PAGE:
Fiberglass cuts for nose and tail.

Hey there,

I am about to start glassing a freshly shaped long board either tomorrow or Wednesday. I have one concern on the best way to cut the cloth around the nose and tail. It is a rounded nose and tail. I’ve done the diamond cut at the nose for a short boards and the double V cut on a flat bottom tail. I am just curious on how to get the smoothest flaps on the nose and tail but cutting th cloth the best way. Any hints or special tricks.

Thanks for your help,


cut at the tip and about 2 more cuts about 4 inches apart on each side of the nose

same at the tail but maybe 2 inches apart

Guys who are pros probely do it with less relief cuts

If theres a tight radius then you should relief cut the glass

  I"ve seen as many as 9 cuts for a really wide noserider's nose.  Foot back, maybe 20", and totally rounded tip.

  Oh, and the cuts do show, especially when glassing with Volan cloth, which accentuates the beauty of the handmade board.

  As opposed to the look of the Thai made production boards.

Thanks for the input guys, I will give that a shot.

LeeD - you’re saying you can see the splits after the top glass and a hot coat with that many cuts?

  If you use a really clear glass, then apply styrene to the lam before hot coating, it hides the cuts as well as possible.

  But every log I"ve seen glassed was with Volan green cloth, to accentuate the weave, to show the cuts, to give it the HANDMADE  classic look.

  A careful inspection reveals the direction of the weave of the cloth, so any educated log rider can count the number of lap cuts on your nose and tail.

It is possible to glass a longboard nose with just one relief cut at the very tip (if you are not going for the look LeeD described, of course).

One way I was taught was to start tucking from the center toward the nose and then when you are about a foot or two away, to tuck the relief cut really tight and work back toward the center of the board. Where the two tucks meet, you need to sort of finagle it flat. This will prevent the cloth from bunching up at the tip and creating an air bubble. Longer laps will make this more difficult and 4 oz lays much easier than 6 oz, but I’ve been able to do it with almost any combination. I haven’t cut more than one relief cut on a longboard nose since Tom Mahady taught me this.

kensurf is right though–super tight radii may need more relief cuts so keep a pair of scissors and some acetone at hand.


The fewer relief cuts the better. You should only need one on each end for a rounded nose / tail. Just cut straight down the middle in line with the stringer by no more than 1/2" past the nose/tail onto the board then cut a corner on one of two the flaps on each end just for arguments sake.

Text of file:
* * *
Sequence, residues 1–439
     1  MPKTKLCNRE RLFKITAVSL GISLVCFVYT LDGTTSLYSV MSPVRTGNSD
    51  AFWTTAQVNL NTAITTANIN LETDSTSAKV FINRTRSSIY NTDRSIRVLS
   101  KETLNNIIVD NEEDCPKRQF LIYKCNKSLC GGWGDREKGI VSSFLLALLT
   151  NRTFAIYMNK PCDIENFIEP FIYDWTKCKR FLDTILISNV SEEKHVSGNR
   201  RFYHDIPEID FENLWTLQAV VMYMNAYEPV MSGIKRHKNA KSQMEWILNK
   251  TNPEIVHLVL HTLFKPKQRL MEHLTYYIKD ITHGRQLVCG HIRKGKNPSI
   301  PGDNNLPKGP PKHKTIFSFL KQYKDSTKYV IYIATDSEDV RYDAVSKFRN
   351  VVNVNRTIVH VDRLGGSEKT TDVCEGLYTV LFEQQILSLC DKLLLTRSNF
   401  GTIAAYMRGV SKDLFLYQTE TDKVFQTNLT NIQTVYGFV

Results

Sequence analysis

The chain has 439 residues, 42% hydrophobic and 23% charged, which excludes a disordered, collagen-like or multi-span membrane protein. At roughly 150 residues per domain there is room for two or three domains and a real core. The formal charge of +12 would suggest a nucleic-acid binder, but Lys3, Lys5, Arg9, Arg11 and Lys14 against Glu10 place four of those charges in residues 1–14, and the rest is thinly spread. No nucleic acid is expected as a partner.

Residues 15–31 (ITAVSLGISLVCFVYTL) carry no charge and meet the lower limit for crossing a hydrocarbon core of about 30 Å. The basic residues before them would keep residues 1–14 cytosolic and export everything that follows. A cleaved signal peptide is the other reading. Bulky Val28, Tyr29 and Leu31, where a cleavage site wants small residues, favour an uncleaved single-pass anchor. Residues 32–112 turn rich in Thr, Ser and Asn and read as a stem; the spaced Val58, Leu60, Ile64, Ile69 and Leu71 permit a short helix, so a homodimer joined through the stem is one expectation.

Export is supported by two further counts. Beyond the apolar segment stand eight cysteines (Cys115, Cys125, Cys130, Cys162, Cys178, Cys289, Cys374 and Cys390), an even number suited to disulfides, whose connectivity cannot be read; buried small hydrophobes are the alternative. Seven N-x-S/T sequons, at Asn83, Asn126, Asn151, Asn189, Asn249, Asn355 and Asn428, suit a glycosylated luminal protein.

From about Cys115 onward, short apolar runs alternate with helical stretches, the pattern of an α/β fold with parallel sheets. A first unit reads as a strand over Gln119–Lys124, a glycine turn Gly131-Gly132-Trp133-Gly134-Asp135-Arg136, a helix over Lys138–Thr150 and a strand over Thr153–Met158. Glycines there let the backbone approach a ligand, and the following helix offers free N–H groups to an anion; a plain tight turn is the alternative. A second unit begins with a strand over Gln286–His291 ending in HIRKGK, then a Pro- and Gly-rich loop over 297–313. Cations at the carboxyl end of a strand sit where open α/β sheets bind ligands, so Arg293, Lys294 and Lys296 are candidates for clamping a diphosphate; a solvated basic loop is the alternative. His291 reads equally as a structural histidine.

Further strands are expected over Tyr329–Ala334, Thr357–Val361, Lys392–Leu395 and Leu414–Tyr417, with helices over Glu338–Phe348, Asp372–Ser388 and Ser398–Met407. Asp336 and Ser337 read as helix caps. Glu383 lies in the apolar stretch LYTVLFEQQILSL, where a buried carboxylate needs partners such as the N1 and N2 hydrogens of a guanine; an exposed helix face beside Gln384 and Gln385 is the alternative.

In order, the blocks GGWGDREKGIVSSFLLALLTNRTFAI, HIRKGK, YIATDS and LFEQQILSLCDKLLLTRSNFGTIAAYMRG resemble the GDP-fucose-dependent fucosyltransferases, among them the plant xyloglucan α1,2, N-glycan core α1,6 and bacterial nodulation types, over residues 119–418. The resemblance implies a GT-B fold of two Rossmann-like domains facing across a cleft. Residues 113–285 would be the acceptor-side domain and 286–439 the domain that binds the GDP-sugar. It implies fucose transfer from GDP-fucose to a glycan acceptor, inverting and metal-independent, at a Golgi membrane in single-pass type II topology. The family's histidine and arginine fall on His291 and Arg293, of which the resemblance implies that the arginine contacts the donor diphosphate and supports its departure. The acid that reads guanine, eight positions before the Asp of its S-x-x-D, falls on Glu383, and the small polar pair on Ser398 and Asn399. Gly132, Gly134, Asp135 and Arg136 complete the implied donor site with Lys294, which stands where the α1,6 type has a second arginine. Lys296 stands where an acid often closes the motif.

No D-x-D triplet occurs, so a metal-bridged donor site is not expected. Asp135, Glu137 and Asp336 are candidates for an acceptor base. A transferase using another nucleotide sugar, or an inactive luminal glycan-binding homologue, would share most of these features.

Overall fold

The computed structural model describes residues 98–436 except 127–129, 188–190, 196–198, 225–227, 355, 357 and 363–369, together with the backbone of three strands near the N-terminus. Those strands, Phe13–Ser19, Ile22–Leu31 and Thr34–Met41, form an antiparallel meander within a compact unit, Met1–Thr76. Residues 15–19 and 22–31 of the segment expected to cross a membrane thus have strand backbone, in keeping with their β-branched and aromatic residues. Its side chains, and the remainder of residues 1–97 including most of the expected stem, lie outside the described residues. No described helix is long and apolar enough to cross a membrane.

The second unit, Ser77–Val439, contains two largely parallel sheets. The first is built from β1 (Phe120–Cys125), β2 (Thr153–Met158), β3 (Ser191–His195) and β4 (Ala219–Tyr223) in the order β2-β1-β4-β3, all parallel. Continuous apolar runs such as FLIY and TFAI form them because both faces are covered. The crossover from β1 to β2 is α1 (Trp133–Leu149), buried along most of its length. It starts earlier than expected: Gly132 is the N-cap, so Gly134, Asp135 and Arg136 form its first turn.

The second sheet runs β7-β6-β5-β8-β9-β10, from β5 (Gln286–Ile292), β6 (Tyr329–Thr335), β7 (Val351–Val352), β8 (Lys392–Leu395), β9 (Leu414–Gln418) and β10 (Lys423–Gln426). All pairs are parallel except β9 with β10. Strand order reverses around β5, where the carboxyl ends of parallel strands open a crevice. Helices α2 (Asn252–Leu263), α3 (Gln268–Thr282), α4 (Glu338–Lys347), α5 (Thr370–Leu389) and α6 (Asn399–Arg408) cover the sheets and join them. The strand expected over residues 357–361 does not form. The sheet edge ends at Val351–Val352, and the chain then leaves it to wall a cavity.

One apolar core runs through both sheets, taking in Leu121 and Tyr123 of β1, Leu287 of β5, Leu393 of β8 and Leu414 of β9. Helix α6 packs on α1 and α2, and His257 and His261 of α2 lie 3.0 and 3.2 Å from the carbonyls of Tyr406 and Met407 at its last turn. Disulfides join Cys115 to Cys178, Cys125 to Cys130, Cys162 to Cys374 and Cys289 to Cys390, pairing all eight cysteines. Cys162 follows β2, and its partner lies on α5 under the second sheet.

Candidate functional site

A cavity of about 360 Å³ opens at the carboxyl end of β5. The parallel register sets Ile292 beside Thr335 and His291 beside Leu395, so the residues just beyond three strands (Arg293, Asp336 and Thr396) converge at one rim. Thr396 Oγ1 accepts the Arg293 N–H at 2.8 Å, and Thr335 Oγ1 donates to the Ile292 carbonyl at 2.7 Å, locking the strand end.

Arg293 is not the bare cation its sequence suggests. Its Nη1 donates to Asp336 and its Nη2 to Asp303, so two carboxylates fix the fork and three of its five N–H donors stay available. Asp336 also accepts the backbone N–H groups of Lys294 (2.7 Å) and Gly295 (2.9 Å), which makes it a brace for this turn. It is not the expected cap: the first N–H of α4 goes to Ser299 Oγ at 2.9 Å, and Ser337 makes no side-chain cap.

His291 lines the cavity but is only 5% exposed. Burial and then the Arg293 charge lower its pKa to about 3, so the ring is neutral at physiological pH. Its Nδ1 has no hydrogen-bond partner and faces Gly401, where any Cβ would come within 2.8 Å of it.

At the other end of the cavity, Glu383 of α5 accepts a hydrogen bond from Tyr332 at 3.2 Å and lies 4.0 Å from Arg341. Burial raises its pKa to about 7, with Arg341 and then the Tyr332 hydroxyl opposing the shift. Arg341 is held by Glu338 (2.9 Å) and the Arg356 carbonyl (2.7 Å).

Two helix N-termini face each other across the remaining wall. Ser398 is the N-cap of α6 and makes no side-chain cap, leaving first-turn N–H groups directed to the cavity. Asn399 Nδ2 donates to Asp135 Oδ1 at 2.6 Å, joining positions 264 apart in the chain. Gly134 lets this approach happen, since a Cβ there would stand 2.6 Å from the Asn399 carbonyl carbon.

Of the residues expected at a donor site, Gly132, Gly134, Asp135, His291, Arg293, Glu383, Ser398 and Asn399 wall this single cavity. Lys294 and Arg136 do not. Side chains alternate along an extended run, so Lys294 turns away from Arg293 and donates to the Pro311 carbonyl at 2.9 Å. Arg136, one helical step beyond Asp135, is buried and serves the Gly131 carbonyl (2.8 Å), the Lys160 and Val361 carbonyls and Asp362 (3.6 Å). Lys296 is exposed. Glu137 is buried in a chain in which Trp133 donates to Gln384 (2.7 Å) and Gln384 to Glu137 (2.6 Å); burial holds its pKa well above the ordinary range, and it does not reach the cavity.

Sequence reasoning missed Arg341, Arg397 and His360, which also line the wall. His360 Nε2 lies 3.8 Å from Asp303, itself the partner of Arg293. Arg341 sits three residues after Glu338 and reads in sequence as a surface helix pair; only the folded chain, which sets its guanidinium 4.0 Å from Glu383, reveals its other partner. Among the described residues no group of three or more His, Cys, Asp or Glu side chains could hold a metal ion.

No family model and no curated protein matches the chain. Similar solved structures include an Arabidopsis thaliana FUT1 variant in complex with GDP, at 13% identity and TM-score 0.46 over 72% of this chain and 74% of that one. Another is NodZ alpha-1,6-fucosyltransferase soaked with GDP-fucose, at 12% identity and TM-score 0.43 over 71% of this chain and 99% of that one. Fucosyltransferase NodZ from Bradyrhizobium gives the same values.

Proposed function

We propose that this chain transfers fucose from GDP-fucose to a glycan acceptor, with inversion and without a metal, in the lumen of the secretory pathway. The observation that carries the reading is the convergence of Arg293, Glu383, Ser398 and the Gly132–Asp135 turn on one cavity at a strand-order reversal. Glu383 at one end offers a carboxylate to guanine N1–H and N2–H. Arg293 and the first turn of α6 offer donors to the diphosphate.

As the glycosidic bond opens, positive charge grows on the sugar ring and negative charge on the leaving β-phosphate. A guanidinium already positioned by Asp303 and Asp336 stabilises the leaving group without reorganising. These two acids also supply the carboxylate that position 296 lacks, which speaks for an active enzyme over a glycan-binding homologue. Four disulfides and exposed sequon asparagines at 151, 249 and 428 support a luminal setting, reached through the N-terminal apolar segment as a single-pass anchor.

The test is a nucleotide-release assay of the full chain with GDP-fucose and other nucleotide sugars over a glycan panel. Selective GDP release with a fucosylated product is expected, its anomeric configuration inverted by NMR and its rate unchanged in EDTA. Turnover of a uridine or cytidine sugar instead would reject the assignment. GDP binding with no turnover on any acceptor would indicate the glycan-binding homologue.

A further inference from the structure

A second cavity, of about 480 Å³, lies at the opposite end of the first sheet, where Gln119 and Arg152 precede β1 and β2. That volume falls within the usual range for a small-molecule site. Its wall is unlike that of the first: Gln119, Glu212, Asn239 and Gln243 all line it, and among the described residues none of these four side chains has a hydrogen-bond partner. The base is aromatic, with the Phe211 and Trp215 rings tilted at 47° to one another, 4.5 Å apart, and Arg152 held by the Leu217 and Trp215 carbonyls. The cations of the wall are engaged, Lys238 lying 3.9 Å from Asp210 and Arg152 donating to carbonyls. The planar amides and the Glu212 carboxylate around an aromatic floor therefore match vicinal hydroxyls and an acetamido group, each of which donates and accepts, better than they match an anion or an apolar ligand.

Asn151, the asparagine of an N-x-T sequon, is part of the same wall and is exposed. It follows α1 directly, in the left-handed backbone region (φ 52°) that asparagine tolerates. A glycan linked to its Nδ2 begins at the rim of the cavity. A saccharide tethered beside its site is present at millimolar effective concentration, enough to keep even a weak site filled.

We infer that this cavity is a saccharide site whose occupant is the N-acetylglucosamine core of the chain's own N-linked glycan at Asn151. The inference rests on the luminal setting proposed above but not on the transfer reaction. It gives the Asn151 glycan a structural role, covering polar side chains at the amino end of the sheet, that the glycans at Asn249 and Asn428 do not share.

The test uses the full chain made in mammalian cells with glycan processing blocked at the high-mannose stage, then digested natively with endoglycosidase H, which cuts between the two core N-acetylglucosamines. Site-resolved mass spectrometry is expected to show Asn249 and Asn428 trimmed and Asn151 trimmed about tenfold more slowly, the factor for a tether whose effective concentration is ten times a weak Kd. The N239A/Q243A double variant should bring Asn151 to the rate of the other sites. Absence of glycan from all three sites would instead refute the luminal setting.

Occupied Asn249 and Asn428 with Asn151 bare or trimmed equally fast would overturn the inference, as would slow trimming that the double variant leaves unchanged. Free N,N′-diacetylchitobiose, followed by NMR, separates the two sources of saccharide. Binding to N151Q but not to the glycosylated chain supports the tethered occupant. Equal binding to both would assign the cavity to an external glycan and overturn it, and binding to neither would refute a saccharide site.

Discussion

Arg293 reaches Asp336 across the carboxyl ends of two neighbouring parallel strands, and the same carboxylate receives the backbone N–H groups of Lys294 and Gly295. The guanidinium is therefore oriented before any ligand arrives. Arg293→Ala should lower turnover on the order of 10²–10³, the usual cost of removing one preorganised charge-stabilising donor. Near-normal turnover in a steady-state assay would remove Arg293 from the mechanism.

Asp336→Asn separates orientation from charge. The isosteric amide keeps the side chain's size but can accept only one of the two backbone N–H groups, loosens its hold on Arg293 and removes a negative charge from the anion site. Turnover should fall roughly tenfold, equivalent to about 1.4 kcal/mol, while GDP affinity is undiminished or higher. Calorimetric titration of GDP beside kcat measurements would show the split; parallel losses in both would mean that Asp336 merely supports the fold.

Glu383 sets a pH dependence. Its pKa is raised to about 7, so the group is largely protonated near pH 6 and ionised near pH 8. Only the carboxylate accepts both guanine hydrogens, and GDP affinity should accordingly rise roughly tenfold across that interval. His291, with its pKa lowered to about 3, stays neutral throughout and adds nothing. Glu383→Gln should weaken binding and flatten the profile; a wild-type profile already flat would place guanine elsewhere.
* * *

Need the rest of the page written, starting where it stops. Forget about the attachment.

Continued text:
Personally I've never had a problem turning any radius on a surfboard except for the V cuts at the nose, or the corner of the tail.   if i'm doing a pintail i have one cut at the nose, and one cut at the tail.

Wetted out cloth can turn some amazing corners if you work it right. and if you do cut the cloth, use the least amount as possible. The over lap will leave you with a high spot that will add additional bubbles and sanding....especially if you are just starting out to glass.

Thanks everyone, 

The advice is much appreciated. I’m doing a general clean-up in the shop today and may or may not start to glass tonight. I’ll let you know how I make out. 

Sound like the one cut at both tail and nose works just fine. I get a bit nervous making multiple cuts and then things get messy.

We shall see!

Thanks again


“keep calm, surf on”

keep the sizzors handy

better a cut than to fight a wrinkle

one V cut at the end of the nose.

this is a test. LeeD is using code

Handmade Look is an euphamism.

the narrower the nose the wider theV.

the trick is tack the end and close the last 6’’

with a little wiggle massage of  the squgee

and well saturated glass.Let the weave wrack

you know like when yo pull it on the diagonal

to the warp and weft It will conform to any curve.

Two layers simultaneouly is some times much harder

in that case make sure the cloth layers are nice and flat together

when you hsng em over the rsil  snd cut the hsnging dry glass

with the scissors together at the same time integrating the fabric.

topper said to me 'when you have the glass laid out and smoothe

pull the cornersdown and forward.’ Do this before you cut.

when you pull the corners down and toward the end (forward or back)

the whole length of cloth lays out all the way to the wide spot

at mid board.doing the smoothe out with clean hands

integrating cloth to be saturated with resin goes

a long way to solving laminating problems

further along in the process.

the more you disturb this ‘laid down’

cloth the more problems you are likely to have.

like pulling up the cloth to put a printed lam underneath.

dont panic and dont over catalize for your

working time is your salvation

slow is good and any drain out

can be fixed with a squgee applied fill coat.

relief cuts are a cop out…you can do magic.

watch more youtube laminating videos.




dont panic.

after it’s down and tight Dont squeege it

other than perpendicular to the curve of the rail template 

with lots of saturating resin .if it’s dry it is worse…

or you will make wrinkles…Making wrinkles gets worse and worse

best to do it first time and them leave it.The more you diddle with it

the worse it can get.Thats why ken say’s to keep scissors handy

as insurance for when you have resin up to your elbows

and the laps in the nose are a total rats nest.

Excellent advice, Ambrose.  thx